A national teacher shortage, compounded by the COVID-19 pandemic, left the Lower Kuskokwim School District scrambling this summer.
With only a few months before the start of this school year, the district had dozens of teaching positions to fill.
So it looked out of the country for solutions.
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Over the past few weeks, new teachers for the Lower Kuskokwim School District have been arriving in Bethel exhausted after 36 hours of flying in from the Philippines.
Socrates Embesan is one of those Filipino teachers. He’ll be teaching math and science in the remote community of Chefornak, about 100 miles from Bethel. In the Philippines, Embesan had been a college math professor in the landlocked province of Tarlac.
“It is quite a remote place because we are situated in the highland. No neighbors, no big numbers around. It’s just like this,” Embesan said.
In Tarlac, Embesan shared a home with his parents, his sisters, his brother, and several nieces and nephews. He said that his family keeps growing.
“And my salary is not increasing that much. So when I got this opportunity, I think right away, ‘This is a chance for the life that we have at the moment, the life of my family,’” Embesan said. “That’s the heart of the Filipino people. We are very close to our family.”
Embesan showed a picture on his phone of his 9-year-old nephew, who he has adopted as his own.
“That’s him,” he said. “So he’s a big boy now and I entrust him to my sisters.”
In return, he’ll send his sisters a portion of his salary.
Embesan and two other teachers from the Phillipines said they’re earning four to five times more in Alaska compared to what they made in their home country. The average income in the Philippines is around $4,000 per year, according to the World Bank.
Out of 82 new teachers that the Lower Kuskokwim School District hired this year, 10 are from the Philippines. This is the first time the school district has recruited and hired teachers from outside the U.S.
Andrea Engbretsen, human resources director, said the district has historically had trouble hiring enough teachers. But in recent years, she said, there has been a severe shortage of math and science teachers nationwide.
“It is really at a crisis point,” Engbretsen said. “Everywhere we go, I mean, just not even applicants. We can’t even find them.”
And then, she said, a pandemic made a bad recruiting environment even worse.
“Many, many said, ‘I need to stay closer to home for family reasons,’ or just a fear of COVID, not wanting to leave their home areas,” Engbretsen said. “Which put us at another challenge of, ‘Okay, now, how are we going to fill these positions?’”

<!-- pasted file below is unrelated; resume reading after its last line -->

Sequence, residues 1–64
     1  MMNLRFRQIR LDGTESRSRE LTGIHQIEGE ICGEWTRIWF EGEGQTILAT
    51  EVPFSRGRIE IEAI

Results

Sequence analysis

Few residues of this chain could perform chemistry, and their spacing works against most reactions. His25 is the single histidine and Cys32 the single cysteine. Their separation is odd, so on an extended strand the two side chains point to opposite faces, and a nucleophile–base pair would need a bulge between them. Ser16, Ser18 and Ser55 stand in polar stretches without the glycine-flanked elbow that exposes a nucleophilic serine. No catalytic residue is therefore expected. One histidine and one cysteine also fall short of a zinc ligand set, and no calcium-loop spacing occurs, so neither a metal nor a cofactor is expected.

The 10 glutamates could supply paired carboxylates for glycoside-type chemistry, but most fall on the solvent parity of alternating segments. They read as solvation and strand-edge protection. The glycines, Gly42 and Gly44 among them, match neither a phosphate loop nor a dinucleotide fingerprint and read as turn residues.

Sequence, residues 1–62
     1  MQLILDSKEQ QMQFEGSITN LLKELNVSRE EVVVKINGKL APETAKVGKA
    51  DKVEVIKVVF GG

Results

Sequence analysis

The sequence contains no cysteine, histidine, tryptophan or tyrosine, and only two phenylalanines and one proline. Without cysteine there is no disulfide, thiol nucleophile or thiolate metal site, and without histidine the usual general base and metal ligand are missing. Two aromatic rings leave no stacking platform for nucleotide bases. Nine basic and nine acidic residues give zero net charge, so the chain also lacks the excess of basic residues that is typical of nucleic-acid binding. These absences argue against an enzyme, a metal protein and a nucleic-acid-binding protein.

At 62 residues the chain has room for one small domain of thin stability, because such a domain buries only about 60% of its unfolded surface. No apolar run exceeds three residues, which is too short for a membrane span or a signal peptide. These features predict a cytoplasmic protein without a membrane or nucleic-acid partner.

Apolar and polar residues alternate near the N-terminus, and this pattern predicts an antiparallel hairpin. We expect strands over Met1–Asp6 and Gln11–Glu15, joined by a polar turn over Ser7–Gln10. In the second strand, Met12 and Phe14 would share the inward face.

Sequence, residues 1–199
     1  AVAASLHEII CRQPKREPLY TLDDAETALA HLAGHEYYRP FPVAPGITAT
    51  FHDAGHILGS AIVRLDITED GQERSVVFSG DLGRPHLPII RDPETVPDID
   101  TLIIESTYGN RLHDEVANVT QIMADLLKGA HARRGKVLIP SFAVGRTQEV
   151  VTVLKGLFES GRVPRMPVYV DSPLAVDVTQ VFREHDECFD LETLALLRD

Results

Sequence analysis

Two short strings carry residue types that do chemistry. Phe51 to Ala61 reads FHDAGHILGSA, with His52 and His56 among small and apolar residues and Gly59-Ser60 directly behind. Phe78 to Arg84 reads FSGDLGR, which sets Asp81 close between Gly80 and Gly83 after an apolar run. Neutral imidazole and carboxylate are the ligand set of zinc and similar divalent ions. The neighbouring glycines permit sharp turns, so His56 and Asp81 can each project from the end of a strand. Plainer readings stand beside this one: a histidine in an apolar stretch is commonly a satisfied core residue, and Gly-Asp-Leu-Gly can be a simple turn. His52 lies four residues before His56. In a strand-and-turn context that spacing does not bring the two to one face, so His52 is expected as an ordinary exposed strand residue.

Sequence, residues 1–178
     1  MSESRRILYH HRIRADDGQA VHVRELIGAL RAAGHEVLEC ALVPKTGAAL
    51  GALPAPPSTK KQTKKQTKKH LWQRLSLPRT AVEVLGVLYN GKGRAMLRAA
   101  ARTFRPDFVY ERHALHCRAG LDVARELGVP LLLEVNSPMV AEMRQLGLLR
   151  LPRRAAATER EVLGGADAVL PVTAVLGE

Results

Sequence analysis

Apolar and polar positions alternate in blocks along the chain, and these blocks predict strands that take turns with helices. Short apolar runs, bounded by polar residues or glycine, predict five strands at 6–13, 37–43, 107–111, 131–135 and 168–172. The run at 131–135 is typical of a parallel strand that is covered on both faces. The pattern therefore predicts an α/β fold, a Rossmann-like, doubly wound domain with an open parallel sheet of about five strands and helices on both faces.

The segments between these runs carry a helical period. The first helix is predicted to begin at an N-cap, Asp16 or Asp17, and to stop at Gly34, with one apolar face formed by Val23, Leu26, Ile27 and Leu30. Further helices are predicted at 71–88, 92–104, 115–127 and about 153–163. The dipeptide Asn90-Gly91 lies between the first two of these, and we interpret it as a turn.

That’s when Engbretsen heard about another rural Alaska school district, the Bering Strait School District, that filled its staffing shortage with teachers from the Philippines. She got on the phone right away.
“But the process is fairly lengthy,” Engbretsen said.
She said that there are embassy interviews and visa applications and lots of paperwork, which is why the first teachers from the Philippines arrived in Bethel in September, after the school year had already begun.
When they arrived, they were greeted by several Filipinos already living in town, including Glenda Swope, a preschool teacher in Bethel who immigrated from the Philippines in 2004. She said she wanted to provide the new teachers with a sense of familiarity. She knows the feeling of arriving in a foreign place.
“It’s like going in a ship and you don’t know who is the captain or, like, you don’t know where you go,” Swope said.
Swope said that at least 20 Filipinos live in Bethel. She said that some work as teachers, like her, and some are at the Bethel Youth Facility, but the largest number are nurses. She said many Filipinos came to Alaska for jobs. Others, like her, came to the U.S. after marrying an American. Swope said that moving from the Philippines to Southwest Alaska is not as drastic a change as it may appear.
“All of them, they said, ‘I feel like I’m home.’ Yeah, like, me too. Like, I feel like I’m home because we grew up in a simple life in a simple way. And we grew up with close-knit families,” Swope said.
There are other similarities between the Filipino immigrants’ old and new homes.
Several teachers said that they brought dried fish in their suitcases, although not salmon or halibut. English is the second official language in the Philippines. And Embesan, the new teacher, said that a big aspect of Filipino culture is respect for one’s elders.
“And the way we show our respect to our elders is by just holding their hands and then putting their hands on our forehead. So we call that mano,’” Embesan said while demonstrating the gesture.
The Filipino teachers said they’ll be exchanging cultures with the communities they’ll be in. New teacher Amparo Faraon said that she is excited to be able to share her cooking with her students.
“I let them taste sinigang and adobo, pancit,” Faraon said.
The new Filipino teachers are planning to stay at least three years on J-1 visas, but first they’ll need to survive their first winter. After coming from a country with an annual average temperature of 80 degrees Fahrenheit, Embesan said that he’s excited to feel the cool breeze.